Well, I’m not taking this very well.
I’ve written a lot about Andy Pettitte this winter, and of course by now, with spring training less than two weeks away, it’s not exactly a shock that he’s retiring. It’s bad news for the Yankees, whose rotation is not exactly AL East-ready, but I’m more bummed that I just won’t get to see Pettitte pitch anymore. More than any other current player he appeals to the lizard-brain part of my fandom, formed when I was still more or less a kid, and went to the Stadium for the first time, and had my mind blown. Andy Pettitte was on the mound when I fell in love with baseball, and I don’t think I can really be objective about him, even after all these years.
The is-he-a-Hall-of-Famer discussion has already broken out, and I think the answer to that is probably no. But he was certainly a pleasure to watch. Even more so in his later years, when he relied less on stuff and more on control and, for lack of a better phrase, know-how. The stat-head in me hates using wishy washy phrases like that — he had grit! he was gutty! — but like I said, when it comes to Pettitte I really can’t help myself. As I’ve written in this space so many times over the last few years, Pettitte just knew what the hell he was doing out there.
It’s interesting how little his admitted PED use seems to have affected his reputation. I’m not someone who gets particularly exercised about steroids in general, but even so, it’s usually a factor I take into account when looking at someone’s career. And I’m as cynical about athletes as the next person. Yet, when Pettitte says he only used it two times when he was injured once and then stopped, I do find myself believing him. I don’t know why and it’s probably not intellectually justifiable. I got to talk to Pettitte only a couple of times back in 2006 and 2007 when I was writing for the Village Voice, and yes, he was remarkably nice and seemingly sincere, though perhaps not the world’s deepest thinker. He didn’t seem annoyed to have to answer questions, he looked you in the eye and thought about his answers. That may not sound like much but for a star player, it kind of is.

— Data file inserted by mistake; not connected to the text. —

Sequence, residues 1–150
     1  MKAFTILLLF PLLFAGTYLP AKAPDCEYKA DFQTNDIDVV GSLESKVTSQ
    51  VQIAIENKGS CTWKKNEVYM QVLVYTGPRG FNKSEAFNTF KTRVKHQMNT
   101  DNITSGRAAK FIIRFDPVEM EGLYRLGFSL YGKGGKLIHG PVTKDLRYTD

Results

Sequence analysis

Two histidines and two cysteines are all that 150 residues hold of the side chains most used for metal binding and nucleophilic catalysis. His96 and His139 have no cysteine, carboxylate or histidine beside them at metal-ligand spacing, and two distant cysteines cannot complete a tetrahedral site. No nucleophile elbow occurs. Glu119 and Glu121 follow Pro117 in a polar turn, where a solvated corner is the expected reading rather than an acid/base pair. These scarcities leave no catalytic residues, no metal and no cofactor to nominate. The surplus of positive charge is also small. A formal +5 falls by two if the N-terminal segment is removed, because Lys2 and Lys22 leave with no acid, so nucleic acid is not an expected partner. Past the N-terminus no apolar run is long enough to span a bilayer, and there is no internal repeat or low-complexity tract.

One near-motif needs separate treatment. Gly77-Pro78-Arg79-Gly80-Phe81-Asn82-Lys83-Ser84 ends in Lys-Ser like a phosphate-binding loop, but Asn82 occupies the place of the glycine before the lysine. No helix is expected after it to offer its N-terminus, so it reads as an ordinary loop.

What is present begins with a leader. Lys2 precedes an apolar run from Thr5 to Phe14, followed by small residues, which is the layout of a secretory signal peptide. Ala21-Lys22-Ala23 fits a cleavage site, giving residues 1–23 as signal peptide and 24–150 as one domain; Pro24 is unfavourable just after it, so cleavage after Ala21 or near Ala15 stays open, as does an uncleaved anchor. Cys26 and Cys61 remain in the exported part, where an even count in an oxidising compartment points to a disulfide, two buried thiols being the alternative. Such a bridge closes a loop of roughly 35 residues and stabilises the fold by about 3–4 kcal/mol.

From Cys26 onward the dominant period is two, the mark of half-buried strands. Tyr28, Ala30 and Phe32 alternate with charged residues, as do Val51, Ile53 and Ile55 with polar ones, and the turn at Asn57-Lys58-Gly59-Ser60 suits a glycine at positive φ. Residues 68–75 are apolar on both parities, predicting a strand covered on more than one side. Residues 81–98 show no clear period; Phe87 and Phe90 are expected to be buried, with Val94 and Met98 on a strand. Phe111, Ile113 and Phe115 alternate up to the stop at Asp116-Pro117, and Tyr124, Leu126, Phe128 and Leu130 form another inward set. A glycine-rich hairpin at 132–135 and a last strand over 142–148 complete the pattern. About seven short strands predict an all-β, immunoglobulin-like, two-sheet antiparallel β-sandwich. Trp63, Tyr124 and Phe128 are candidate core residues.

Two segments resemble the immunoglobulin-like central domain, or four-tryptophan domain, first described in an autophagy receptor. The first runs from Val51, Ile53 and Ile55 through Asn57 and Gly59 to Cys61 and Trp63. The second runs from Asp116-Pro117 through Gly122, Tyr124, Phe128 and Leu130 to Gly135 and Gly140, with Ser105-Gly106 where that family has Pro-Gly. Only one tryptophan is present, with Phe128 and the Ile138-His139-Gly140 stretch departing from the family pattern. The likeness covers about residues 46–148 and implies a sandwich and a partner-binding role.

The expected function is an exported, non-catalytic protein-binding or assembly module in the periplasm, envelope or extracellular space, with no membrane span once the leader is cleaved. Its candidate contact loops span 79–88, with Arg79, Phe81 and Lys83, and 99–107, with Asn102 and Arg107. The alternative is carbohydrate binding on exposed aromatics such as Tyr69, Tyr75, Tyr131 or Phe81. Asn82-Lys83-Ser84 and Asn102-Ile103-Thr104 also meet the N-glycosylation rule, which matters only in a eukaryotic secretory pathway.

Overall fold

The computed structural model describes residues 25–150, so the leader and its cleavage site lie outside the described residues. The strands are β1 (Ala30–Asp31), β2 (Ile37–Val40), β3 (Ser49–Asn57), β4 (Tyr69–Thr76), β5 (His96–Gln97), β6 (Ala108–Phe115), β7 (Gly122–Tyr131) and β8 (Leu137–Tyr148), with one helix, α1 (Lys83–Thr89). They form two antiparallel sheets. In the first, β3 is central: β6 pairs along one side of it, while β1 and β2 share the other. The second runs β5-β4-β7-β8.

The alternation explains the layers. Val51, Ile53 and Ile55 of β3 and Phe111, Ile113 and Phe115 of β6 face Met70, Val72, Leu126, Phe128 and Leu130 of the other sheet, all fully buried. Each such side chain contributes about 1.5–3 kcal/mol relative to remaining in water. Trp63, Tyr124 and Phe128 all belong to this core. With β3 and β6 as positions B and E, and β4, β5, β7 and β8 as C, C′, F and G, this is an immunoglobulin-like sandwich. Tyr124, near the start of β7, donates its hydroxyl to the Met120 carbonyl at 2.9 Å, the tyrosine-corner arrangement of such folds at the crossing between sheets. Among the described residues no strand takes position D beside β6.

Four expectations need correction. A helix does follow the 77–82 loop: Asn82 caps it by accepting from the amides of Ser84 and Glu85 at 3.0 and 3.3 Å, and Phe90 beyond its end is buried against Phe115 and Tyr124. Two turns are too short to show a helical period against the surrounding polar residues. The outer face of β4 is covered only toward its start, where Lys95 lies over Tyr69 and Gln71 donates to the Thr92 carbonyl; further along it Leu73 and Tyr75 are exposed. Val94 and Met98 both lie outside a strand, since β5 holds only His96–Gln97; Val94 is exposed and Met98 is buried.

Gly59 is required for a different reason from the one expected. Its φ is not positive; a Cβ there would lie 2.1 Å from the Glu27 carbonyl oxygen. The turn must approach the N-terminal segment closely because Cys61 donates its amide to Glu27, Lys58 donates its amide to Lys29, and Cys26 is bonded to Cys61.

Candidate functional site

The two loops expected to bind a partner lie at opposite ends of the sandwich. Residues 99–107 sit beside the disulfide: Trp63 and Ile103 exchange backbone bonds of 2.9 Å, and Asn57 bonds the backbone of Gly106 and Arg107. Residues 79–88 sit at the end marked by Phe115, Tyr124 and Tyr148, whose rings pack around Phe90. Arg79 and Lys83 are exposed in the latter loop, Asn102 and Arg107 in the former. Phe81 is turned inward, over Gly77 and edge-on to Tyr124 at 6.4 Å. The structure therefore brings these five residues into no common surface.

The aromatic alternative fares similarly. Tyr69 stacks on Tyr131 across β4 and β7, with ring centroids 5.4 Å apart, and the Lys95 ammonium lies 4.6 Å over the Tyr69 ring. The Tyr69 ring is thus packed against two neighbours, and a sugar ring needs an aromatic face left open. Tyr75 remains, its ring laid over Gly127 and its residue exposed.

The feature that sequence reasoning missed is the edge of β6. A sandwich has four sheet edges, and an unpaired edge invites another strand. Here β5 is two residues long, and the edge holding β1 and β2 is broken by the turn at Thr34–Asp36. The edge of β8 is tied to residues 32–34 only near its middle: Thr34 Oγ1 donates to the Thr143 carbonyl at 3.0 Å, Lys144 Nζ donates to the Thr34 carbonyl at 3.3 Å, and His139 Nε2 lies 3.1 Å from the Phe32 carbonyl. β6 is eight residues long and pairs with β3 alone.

But anybody can play nice in the clubhouse for a few minutes. I think more than that, what endeared Pettitte to fans is how we all saw him react to games: he was harder on himself than anybody else ever was. Paul O’Neill-style, but without the rage. When he pitched poorly he excoriated himself afterwards; when he pitched well, he always focused on his lucky breaks or the things he could have done better; and when he pitched excellently he praised his catcher. Every time. No wonder that, per Jon Heyman, “Pettiite is telling people he is feeling good but he just couldn’t get up for the grind of the season.”
Anyway, forgive me for the uncharacteristically sentimental post, but Andy Pettitte just has that effect on me. Maybe that’s why I’ll miss him so much, and why I regret that the fans won’t have a chance to say a proper goodbye, embarrassing the heck out of him on the mound.